In 2017, REDF conducted a census of employment-focused social enterprises around the country. Social enterprise, businesses that make money and reinvest it to serve their mission, is an evidence-backed approach that transforms lives, empowering people who otherwise would have a tough time getting a job and keeping it. All over the country, there are hundreds, maybe thousands of social enterprise businesses doing this vital work. Trouble is, REDF, and the policy-makers, funders, and supporters who can help grow the field didn’t know exactly how many.
So we decided to find out.
We knew it would not be easy, so we tapped our networks, cajoled our friends, offered incentives for people to respond, and in the end, we got a small but representative sample of the sector to tell us a few things about themselves. We are very grateful to the groups that responded, sent it to their networks, and supported REDF in this effort to amplify the voice of our social enterprise sector.
Here’s what we learned.
A Vibrant Sector
There is a vibrant network of social enterprises in 33 states and 93 cities nationwide (and Canada too). They are primarily non-profits (86%), but a growing number of the more recently-incorporated social enterprises are for-profit, B Corp, or hybrid structures which suggests that more founders understand that you don’t have to be a non-profit in order to do good.
The industries represented track closely with traditional social enterprise – food service, maintenance, retail, and production were most represented in the census. An emerging area gaining traction in the sector is the crossover from traditional construction and maintenance into green and sustainable jobs in deconstruction, recycling everything from mattresses to e-waste, and urban agriculture. Tech continues to be a challenging sector for social enterprise employees to get a foothold in, but we are starting to see some bright spots –in digital media and web design. Employees with lived experience are demonstrating valuable insight in home health worker and other related healthcare jobs which is a growth area for the economy that can also drive social enterprise revenue.
Speaking of revenue, there is a wide range of size and revenue in this sector – from hundreds of millions of dollars in annual revenue to several thousand, and 57% reported that the social enterprise is able to break even while many others reported that as a major challenge. These results speak to the capacity of social enterprise to scale and serve the millions who are unemployed but want to work.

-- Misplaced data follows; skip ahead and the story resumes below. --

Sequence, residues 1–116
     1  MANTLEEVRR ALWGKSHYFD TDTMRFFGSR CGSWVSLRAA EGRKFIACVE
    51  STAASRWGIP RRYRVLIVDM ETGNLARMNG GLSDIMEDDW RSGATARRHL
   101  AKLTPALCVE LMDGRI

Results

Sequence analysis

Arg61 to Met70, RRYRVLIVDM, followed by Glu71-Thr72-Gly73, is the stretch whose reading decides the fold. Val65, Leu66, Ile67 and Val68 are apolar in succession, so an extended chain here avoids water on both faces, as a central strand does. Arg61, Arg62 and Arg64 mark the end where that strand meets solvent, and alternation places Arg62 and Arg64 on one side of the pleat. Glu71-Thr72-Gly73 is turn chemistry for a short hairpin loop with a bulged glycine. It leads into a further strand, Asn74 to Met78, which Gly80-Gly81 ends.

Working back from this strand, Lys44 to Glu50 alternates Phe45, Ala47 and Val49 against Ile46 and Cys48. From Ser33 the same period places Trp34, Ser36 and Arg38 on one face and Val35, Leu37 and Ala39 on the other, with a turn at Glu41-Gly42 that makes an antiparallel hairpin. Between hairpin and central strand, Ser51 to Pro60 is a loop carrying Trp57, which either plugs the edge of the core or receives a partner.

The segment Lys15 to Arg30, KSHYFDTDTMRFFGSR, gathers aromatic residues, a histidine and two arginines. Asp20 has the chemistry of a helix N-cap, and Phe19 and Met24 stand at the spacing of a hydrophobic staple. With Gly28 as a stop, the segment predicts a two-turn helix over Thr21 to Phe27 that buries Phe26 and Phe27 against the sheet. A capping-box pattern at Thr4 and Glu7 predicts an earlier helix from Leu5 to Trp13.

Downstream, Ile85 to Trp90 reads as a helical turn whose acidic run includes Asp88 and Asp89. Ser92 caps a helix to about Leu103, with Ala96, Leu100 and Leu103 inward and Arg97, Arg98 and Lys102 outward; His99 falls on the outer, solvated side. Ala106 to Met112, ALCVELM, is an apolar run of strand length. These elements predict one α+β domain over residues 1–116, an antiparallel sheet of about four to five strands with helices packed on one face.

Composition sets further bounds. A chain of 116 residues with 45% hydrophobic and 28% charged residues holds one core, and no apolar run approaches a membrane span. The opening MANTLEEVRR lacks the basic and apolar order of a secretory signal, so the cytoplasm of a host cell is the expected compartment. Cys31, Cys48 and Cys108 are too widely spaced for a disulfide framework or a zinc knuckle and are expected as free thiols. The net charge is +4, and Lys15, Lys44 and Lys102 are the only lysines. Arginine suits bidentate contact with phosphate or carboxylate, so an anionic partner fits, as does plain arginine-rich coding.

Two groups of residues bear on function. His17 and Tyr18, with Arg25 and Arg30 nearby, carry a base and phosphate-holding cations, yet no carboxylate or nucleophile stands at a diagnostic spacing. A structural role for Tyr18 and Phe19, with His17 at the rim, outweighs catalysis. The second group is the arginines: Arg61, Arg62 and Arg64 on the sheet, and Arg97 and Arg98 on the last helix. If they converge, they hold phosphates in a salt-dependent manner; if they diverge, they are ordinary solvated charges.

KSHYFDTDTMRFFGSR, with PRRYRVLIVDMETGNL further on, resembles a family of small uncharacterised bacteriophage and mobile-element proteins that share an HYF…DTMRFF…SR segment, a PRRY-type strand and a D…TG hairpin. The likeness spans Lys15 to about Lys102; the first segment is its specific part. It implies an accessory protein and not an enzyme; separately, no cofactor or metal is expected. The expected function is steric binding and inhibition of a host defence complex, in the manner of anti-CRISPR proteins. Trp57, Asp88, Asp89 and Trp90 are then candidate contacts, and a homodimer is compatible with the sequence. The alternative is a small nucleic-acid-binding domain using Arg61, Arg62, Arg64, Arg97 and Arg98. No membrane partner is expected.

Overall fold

With the Potential for Even Great Impact
And what about the people employed by social enterprise? The census respondents collectively reported employing around 20,000 people in 2017. Large social enterprises employ several thousand people per year, but the median is around 100 employees. Social enterprises are offering critical employee supports from uniforms and tools needed on the job to transportation assistance, financial education and mental health services to help employees navigate and successfully transition into competitive employment when they’re ready. Because not every social enterprise can provide a full range of supports, there is room for better linkages and partnerships to leverage service providers that are specialized in these areas.
We also learned that the leadership of social enterprises mirror that of the larger non-profit sector, slightly more female-led (53%), and very underrepresented by people of color (29% of social enterprise directors). We know that social enterprise leaders with lived experience will only strengthen the effectiveness of the employment experience, so REDF is making efforts to expand our own networks.
We Know You’re Out There
What we didn’t learn much of was where to find social enterprises that are not connected into REDF or other existing networks, or businesses employing people with significant employment barriers that don’t call themselves social enterprises.
In REDF’s travels around the country, we hear of these businesses everywhere but connections are very ad-hoc. We’d like to make it easy for practitioners, regardless of what they call themselves, to join our network and connect with REDF and other social enterprise leaders on our platform REDFWorkshop.org.
REDF will continue to use innovative channels to seek out and support more social enterprises that are committed to serving people with significant employment barriers. As our estimate of the current social enterprise capacity is refined, we will use this information to inform policymakers and funders about the value of this solution and why it needs to be scaled up to reach the millions of Americans who deserve a chance to work.
Thank you to all of those who took the time to be part of the census, and help strengthen the social enterprise movement. For those we missed, it’s not too late to join the movement. Visit REDFWorkshop.org to register!